Born in Madison in 1837, prolific landscape painter Gilbert Munger was especially renowned in Europe where he was made a Chevalier of the Legion of Honor in France and awarded medals by the governments of Germany, Russia, and Belgium.
Widely recognized in Europe for his peaceful French forest scenes, Munger also painted throughout America—but with far less renown.
As his biographer Michael D. Schroeder has noted, “Munger’s name and artistic achievements have been generally forgotten until recently. In his day he was a highly regarded painter in New York, San Francisco, and London. He socialized with leading scientists and artists. But like many artists of his generation he went largely unnoticed in the twentieth century. His rediscovery by scholars and collectors is a story in which the Internet has played an important part.”
In August 2017, the MHS received an unexpected gift from Michael Schroeder, noted Munger expert and author of Gilbert Munger: Quest for Distinction.
The untitled oil painting on a wood panel has been gessoed, as is typical. (Gesso is a mixture of plaster of Paris and glue, applied to prepare a surface for painting.) It is a very typical Munger scene of tall trees near still water. It is assumed that the scene is one of the many scenes that Munger painted in France in the late 1880s in or near Barbizon or in the nearby forest of Fontainebleau.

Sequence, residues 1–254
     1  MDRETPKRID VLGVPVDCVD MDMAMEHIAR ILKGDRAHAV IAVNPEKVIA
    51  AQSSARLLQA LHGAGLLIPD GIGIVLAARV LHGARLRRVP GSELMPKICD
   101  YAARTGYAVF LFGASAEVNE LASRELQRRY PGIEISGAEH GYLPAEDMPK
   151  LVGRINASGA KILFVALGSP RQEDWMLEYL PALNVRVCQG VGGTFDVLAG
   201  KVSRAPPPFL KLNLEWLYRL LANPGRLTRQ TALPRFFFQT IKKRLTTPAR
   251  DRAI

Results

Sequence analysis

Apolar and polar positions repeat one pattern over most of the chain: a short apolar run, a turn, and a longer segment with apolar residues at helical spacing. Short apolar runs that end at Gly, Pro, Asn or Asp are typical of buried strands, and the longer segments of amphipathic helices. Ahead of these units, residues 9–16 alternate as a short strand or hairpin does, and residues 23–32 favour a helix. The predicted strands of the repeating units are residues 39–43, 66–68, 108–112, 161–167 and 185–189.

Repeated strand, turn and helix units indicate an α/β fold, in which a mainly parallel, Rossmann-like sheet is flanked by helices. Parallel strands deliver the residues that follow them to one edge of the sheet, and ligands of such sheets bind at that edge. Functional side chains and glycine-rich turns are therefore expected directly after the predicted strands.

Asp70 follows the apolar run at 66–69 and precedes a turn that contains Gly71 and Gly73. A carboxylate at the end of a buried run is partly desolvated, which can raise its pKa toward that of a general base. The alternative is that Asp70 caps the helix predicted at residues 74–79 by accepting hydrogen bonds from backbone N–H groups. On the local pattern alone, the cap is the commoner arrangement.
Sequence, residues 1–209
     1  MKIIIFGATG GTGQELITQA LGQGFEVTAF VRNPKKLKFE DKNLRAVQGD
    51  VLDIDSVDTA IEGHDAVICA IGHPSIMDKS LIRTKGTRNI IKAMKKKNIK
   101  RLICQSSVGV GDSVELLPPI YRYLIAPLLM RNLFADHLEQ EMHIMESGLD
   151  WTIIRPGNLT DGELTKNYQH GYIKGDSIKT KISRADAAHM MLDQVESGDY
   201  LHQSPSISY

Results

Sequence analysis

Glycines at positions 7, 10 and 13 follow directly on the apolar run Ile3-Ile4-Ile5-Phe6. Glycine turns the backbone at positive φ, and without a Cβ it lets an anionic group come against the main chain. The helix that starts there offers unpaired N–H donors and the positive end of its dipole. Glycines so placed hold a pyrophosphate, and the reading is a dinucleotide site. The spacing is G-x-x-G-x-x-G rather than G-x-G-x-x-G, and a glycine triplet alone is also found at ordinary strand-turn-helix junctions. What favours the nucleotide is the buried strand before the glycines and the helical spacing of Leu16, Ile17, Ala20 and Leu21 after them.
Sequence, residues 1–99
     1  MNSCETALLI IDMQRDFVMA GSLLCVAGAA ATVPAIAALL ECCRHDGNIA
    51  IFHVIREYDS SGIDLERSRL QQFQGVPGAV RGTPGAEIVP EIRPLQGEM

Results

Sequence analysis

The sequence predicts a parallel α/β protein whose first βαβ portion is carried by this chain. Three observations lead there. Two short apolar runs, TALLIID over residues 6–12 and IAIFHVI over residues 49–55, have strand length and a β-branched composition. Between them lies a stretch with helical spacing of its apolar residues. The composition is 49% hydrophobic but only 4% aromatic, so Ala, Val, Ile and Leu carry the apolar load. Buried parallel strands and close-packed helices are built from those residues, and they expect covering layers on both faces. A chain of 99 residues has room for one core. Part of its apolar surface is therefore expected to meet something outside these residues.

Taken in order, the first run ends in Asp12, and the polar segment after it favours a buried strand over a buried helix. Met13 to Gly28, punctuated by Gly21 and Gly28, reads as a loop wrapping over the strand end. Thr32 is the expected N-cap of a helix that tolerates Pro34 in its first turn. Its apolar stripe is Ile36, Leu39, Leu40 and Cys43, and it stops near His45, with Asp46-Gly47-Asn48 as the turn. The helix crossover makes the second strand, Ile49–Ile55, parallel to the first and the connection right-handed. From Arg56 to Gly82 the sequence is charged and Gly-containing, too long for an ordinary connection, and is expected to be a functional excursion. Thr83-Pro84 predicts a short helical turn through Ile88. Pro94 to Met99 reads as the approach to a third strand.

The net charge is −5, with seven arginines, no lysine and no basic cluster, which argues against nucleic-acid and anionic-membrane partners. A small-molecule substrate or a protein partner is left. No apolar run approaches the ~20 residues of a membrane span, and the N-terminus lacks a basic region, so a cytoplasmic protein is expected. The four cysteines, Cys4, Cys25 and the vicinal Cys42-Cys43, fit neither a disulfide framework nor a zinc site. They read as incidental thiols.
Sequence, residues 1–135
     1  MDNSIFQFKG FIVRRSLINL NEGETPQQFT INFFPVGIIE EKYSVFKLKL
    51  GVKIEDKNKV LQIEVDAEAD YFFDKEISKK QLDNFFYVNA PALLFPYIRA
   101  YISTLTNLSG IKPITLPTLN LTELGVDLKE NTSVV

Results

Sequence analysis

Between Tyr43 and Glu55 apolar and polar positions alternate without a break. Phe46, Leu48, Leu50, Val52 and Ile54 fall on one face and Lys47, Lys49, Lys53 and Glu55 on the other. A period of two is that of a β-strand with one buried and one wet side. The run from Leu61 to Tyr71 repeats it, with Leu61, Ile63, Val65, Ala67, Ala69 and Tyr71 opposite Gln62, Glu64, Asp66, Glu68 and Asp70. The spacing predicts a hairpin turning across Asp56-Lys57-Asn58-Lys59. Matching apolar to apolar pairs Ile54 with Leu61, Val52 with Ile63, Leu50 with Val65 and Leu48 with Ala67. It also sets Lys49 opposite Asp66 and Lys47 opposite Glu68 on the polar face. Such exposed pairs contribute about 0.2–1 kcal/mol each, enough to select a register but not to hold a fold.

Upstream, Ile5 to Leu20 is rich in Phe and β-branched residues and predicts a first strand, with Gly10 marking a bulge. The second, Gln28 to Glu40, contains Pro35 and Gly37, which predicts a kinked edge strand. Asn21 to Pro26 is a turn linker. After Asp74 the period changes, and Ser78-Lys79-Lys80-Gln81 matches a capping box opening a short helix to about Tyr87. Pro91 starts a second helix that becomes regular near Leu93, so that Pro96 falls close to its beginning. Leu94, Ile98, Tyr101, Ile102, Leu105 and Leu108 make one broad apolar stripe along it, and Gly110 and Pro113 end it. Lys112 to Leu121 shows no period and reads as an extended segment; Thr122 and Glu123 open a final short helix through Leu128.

The painting, bought at auction by Michael D. Schroeder, came from an unknown Belgian collector. The painting was cleaned and lightly conserved in 2017 by CT-based art conservator Tom Yost, who discovered upon examination of the painting that the painting’s sky has been overpainted, quite a long time ago—not newly or even recently—which Yost could discern by the yellowing of the varnish and the composition of the paints.
It is possible that Munger himself may have repainted his entire sky, but we have no clear evidence or documentation of that theory. The second sky is quite well done and is not entirely unlike others done by Munger. In addition to its being a perfectly fine sky, Yost imagines that there may have been a very good reason for the first sky to have been covered or changed. The painting bears a very clear Gilbert Munger signature, identical to other Gilbert Munger signatures.
The MHS now owns a second painting by Gilbert Munger. It is a pastoral scene portraying a landscape in Cazenovia, New York.
The MHS also owns a cast-bronze bust of the artist, commissioned by Munger from a photo taken in Nice, France, in 1890. It was created by Italian sculptor Massimiliano (Max) Contini and is the only cast made from the original sculpture.